Completely charming, both the stories and the illustrations. In some ways this is an early example of a "mash-up," because Pyle borrows and re-combines story elements from many sources. Bright young readers and adults should enjoy the book equally. The stories are good for reading aloud, too; the droll repetitive patterns (many groups of three!) are very effective orally.
Alyssa Bohon
Nov 29, 2017 rated it really liked it
Loved this book immensely - from the library, need to own! My favorite thing was the brief poem preceding each chapter, describing the hour of the day. Many of the stories seemed to have similar plots or themes, but Pyle's witty way of saying things kept the tales fresh.
Nicole
Jul 13, 2017 rated it really liked it
Read aloud with the 9 year old
Angela
Aug 24, 2018 rated it really liked it
Shelves: read-alouds
Read-Aloud. Wonderful fairy tales.
Julianna
What I liked:
-I always feel a little guilty reading Grimm's Fairy Tales to my 1 year old - they are disturbing and frequently gruesome. This book felt like it settled nicely between Grimm's and Disney. There was some violence and strangeness characteristic of old fairy tales, but on the whole it was peaceful without the power-washed feeling of Disney stories.
-The book is FULL of fantastic expressions - idiomatic and otherwise. It was fun to read ones that are similar to expressions that we say
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Hazel
Sep 26, 2016 rated it liked it
Another book picked up at the Delaware Art Museum, inspired by the illustrator's artwork. There is a story for each hour of the day; each is a fairy/folk style tale with line illustrations. The stories often seem to be variations on standard tales with echoes of Cinderella, Snow White, the giant with the goose that lays golden eggs, etc. Impossible tasks are achieved often with magical help; there are princesses to be rescued; princesses offered as rewards; wicked stepmothers and stepsisters; ta ...more
Rebecca Ann
I really didn't care for this collection. Most of the tales were similar in major ways, none of them had satisfying messages or conclusions, and they seemed oddly long and complex. The few exceptions for me were How Boots Befooled the King, The Swan Maiden, the Step Mother, and the Princess with the Golden Hair and the Great black Raven. Even with these, I think I could find better versions. I did like the way the collection was set up as a wonder-clock with a story for each hour, and the illust ...more
Pete
May 03, 2014 rated it liked it
Shelves: children-s-lit
I read this aloud to the boys at night. They liked a lot of the stories, though I had to omit some parts and grin and bear through others, with its insistent sexism. This went beyond women playing no roles aside from witches or princesses--objects to be used by the male protagonist either way; often the stories downright called for women to be beaten into submission. The three stars I give this book represent that there was more to it than the sexism, of course. Classic fairy tale tropes that ca ...more
Chanie
Mar 13, 2013 rated it it was amazing
Thanks to this book I fell in love with the idea of traveling to the ends of the earth - where, invariably the person with magical powers lives. No wonder kids are fascinated by fairy tales. Imagine actually reaching the end of something as infinitely vast as the world!!!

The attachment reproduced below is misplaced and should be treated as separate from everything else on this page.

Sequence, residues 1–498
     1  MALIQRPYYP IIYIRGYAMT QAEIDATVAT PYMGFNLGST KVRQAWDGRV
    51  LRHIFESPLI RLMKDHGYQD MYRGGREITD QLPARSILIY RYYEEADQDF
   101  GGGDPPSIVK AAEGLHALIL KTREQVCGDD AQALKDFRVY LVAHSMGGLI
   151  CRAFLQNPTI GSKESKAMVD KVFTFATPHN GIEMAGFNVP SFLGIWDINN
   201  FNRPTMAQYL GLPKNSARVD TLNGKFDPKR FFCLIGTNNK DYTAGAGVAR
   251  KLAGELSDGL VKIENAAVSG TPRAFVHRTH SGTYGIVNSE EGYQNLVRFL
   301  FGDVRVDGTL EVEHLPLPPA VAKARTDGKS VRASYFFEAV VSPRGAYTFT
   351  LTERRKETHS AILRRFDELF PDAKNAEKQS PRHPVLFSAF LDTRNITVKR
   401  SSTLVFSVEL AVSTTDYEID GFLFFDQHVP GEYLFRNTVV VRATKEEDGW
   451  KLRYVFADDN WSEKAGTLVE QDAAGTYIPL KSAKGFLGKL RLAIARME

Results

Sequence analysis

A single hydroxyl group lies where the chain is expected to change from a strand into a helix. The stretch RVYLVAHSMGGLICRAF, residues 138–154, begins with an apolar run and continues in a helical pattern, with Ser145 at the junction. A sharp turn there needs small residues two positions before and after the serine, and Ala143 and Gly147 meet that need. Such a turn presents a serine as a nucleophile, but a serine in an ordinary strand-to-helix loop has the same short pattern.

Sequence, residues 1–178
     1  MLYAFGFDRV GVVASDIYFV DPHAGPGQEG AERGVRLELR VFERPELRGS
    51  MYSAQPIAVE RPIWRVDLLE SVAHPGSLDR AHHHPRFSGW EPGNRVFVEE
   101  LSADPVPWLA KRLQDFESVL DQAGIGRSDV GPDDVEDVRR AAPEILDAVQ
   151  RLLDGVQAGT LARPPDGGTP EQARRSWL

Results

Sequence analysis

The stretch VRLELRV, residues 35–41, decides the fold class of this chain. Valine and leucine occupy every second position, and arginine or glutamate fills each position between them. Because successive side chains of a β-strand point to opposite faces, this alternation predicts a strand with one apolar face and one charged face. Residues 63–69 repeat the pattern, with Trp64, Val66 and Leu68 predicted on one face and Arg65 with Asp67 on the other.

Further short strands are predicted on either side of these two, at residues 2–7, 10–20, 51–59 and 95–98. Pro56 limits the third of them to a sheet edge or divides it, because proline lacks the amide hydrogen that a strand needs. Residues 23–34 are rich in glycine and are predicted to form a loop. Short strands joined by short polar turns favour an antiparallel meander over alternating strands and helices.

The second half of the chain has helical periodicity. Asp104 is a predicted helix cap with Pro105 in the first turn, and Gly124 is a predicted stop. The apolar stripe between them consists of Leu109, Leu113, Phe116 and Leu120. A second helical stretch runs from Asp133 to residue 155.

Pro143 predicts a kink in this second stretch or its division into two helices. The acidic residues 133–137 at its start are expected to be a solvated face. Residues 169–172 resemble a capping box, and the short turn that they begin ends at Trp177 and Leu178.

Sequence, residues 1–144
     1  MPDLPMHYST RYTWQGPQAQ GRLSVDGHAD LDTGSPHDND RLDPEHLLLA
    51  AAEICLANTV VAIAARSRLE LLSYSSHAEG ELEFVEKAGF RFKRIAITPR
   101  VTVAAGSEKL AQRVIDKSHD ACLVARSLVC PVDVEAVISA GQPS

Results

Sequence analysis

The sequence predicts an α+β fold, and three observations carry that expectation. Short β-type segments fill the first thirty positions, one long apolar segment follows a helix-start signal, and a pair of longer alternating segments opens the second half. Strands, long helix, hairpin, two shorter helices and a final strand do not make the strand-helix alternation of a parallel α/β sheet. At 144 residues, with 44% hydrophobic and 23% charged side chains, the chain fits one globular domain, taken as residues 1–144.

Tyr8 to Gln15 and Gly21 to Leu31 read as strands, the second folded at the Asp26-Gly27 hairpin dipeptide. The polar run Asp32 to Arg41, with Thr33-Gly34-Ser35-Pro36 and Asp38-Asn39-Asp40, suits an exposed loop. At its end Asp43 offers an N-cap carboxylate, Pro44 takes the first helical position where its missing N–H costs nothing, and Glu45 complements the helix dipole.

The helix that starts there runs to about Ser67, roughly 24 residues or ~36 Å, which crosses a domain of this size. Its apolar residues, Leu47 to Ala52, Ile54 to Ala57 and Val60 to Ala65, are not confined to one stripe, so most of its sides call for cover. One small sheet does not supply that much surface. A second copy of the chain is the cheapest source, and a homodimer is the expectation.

Chris
Jul 03, 2014 rated it liked it
Shelves: boys-books
A generally enjoyable read. Pyle keeps the stories short and each has a familiarity about it that our boys seemed to appreciate. Regular themes included the last being first, the materially poor being rich in soul, and how acts of kindness and charity regularly come back when unsought.
Jacquelyn Arbegast
I liked this book! It had many old folktales and fairy tale stories that I had never heard of before. My favorite was the story of the Swan Maiden! That is the story I used when I presented as a storyteller.
Angélica
The illustrations are breathtakingly intricate. I became a fan of Howard Pyle's works after reading this book. :D
Terri
Dec 28, 2015 marked it as to-read
Howard Pyle is an American 19th century author and artist, Victorian Era.
Anna Maria
May 05, 2010 rated it it was amazing
This is a charming little book of original fairy tales. I loved every single one of them.
Elizabeth S
Mar 25, 2009 rated it it was amazing
An interesting collection of stories with vibrant characters. One of my great-grandmother's favorite books. A classic.
Sheila
Apr 11, 2010 rated it really liked it
Shelves: youth-ya
I love fairy tales! This is a whole book of "new" ones. Great artwok too!
Doreen
Mar 07, 2012 rated it it was amazing
My favourite book as a child!
Danine
Jan 18, 2008 rated it it was amazing
One of my favorite childhood/young adult books. Howard Pyle's illustrations are timeless as well as the stories. Recommended for children who desire magical childhoods.
Jane
May 03, 2014 rated it liked it
A wonderful re-read from childhood. Pyle's use of language is sharp and amusing. The kindle edition had no pictures alas, which I remember fondly.
Sara Laughs
Aug 01, 2013 rated it it was amazing
Shelves: favorites
My favorite childhood book. It was wonderful to re-read the stories
Antoine
Jan 17, 2008 rated it liked it
Recommends it for: fans of victorian illustration, fairy tale buffs
Recommended to Antoine by: Nannie
This is a charming collection of fairy tales. The language is deliberately archaic, which is sort of annoying, but the illustrations are amazingly cool.
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Howard Pyle was an American illustrator and author, primarily of books for young people.

During 1894 he began teaching illustration at the Drexel Institute of Art, Science and Industry (now Drexel University), and after 1900 he founded his own school of art and illustration named the Howard Pyle School of Illustration Art. The term Brandywine School was later applied to the illustration artists a